Mohammad Tamim, professor of petroleum and mineral resources engineering at Bangladesh University of Engineering and Technology (BUET), said domestic fuel sources are insufficient to meet Bangladesh’s needs for power, transport and residential use, making more LNG imports necessary.
The country began importing the super-chilled fuel in 2018 with long-term contracts with Qatar and Oman, as well as from the international spot market.
However, Shafiqul Alam, an energy finance analyst at the Institute for Energy Economics and Financial Analysis (IEEFA), said the plan had overestimated power demands, resulting in an excessive forecast for LNG imports which may not be required.
Costs of LNG
One of the main problems with relying on LNG imports is its price volatility, according to several energy experts.
Bangladesh had to suspend purchases of LNG from the spot market in July 2022 when prices skyrocketed in the wake of Russia’s war against Ukraine.
Warda Ajaz, a project manager at Global Energy Monitor, said last year’s LNG price hike led to very frequent power outages — known as load shedding, and a decrease in industrial output.
“This is the cost of dependency on imported fuel — and the recent energy crisis has provided many examples worldwide to reemphasize this,” she said.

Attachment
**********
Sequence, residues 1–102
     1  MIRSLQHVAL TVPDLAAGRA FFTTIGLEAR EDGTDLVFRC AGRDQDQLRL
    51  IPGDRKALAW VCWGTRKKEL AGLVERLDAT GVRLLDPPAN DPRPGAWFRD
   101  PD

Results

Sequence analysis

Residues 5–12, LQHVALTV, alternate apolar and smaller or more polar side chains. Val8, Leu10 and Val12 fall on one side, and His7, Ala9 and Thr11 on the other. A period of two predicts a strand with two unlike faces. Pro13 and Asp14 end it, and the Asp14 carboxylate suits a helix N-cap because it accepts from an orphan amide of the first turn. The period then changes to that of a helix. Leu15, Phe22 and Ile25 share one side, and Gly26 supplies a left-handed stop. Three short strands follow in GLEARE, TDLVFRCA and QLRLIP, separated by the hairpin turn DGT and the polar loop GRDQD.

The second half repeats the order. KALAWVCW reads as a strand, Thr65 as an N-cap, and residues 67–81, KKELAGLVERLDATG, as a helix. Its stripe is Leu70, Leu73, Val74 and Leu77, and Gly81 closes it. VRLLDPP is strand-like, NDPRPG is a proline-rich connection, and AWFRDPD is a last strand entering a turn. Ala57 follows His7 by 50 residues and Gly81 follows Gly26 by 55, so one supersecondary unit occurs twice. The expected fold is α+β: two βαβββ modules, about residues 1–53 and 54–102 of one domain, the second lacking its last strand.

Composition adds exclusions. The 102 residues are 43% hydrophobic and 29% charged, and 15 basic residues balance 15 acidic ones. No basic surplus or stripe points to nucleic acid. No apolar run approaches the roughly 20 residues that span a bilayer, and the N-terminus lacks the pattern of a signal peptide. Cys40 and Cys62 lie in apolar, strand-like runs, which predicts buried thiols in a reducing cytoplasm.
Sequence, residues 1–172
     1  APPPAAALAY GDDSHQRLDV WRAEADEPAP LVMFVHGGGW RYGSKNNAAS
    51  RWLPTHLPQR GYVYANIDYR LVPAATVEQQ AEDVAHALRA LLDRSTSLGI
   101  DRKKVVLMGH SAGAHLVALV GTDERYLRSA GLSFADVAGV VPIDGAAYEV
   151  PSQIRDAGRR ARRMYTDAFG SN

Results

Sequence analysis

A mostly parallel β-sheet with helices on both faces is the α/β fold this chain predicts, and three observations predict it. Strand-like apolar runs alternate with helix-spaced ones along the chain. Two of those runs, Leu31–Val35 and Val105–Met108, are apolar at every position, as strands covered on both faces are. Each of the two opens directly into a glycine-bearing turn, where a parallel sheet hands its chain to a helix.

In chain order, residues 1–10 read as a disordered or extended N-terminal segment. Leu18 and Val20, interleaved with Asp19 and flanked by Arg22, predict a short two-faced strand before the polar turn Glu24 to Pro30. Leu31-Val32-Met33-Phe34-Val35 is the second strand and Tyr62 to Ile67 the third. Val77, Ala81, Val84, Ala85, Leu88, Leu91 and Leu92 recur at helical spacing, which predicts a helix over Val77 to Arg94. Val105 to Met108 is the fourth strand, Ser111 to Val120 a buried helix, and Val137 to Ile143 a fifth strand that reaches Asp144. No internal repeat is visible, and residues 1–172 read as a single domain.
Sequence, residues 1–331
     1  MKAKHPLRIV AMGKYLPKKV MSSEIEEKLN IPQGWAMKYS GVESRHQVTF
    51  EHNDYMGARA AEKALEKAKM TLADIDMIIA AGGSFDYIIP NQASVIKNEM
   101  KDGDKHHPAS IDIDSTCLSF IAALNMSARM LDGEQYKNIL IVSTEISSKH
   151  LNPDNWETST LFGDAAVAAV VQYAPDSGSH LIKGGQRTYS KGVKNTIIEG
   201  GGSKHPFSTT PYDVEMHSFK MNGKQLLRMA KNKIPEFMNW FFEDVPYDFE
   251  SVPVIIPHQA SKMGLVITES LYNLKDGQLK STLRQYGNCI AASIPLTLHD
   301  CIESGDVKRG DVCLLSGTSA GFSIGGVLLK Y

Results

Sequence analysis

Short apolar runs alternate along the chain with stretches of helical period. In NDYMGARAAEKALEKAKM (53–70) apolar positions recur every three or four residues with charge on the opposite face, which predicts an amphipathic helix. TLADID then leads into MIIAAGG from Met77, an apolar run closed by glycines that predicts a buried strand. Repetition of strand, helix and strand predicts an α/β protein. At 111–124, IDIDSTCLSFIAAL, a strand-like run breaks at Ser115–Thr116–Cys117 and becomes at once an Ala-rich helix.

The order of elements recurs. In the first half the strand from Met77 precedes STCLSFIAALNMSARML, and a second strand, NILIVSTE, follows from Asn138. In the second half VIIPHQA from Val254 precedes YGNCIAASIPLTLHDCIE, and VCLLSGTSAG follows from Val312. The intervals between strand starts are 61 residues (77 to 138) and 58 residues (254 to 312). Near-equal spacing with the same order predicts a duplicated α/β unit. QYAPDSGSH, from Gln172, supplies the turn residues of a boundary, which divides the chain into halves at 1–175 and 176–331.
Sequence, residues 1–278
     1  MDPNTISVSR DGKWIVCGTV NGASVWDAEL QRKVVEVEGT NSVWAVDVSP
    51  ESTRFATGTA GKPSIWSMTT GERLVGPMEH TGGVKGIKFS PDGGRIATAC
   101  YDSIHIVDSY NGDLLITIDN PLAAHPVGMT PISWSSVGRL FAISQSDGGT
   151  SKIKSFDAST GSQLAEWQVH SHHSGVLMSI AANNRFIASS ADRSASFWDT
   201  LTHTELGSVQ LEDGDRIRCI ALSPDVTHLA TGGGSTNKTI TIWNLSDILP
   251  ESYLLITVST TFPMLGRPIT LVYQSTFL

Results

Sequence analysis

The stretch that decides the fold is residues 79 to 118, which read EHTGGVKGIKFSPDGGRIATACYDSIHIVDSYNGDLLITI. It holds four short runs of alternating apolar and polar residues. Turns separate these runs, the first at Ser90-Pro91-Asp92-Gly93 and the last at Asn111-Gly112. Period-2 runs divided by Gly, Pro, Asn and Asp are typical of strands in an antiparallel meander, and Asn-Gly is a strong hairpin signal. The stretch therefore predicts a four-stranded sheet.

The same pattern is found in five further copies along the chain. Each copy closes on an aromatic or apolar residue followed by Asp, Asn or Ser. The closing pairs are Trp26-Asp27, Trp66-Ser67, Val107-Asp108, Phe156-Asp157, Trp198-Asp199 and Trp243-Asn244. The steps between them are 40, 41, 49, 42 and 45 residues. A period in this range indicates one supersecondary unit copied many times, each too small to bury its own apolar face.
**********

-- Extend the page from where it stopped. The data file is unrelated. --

The government recently resumed buying LNG after an eight-month pause, but simultaneously moved to raise energy and power prices and cut growing subsidies that stood at 273 billion taka ($2.55 billion) in the 2022 financial year.
Such price adjustments have put pressure on businessmen such as textile entrepreneur Ahmed.
“The situation is even more dire for smaller local businesses that supply accessories to larger businesses, and have less financial clout to cope with the energy price hike,” he said.
Helen Mashiyat Preoty, a researcher for the Centre for Policy Dialogue (CPD), a Dhaka-based think-tank, said growing reliance on imported fuel will require substantial investment.
For example, the government has to compensate the two privately-owned offshore systems for storing and re-gasifying imported liquefied gas when they are forced to run below capacity due to shortages of LNG imports, she said.
The government is now eyeing the installation of two more privately-owned offshore units and an onshore LNG terminal, and the draft plan estimates that about half of the required investment for power generation will have to go to the gas sector.
Instead of leaning towards LNG imports, Bangladesh should ramp up natural gas exploration at home, some experts said.
Badrul Imam, a professor of geology at the University of Dhaka, said the country has not placed sufficient emphasis on exploring for gas in the last two decades despite the “high potential” of discovering more gas fields on land and at sea.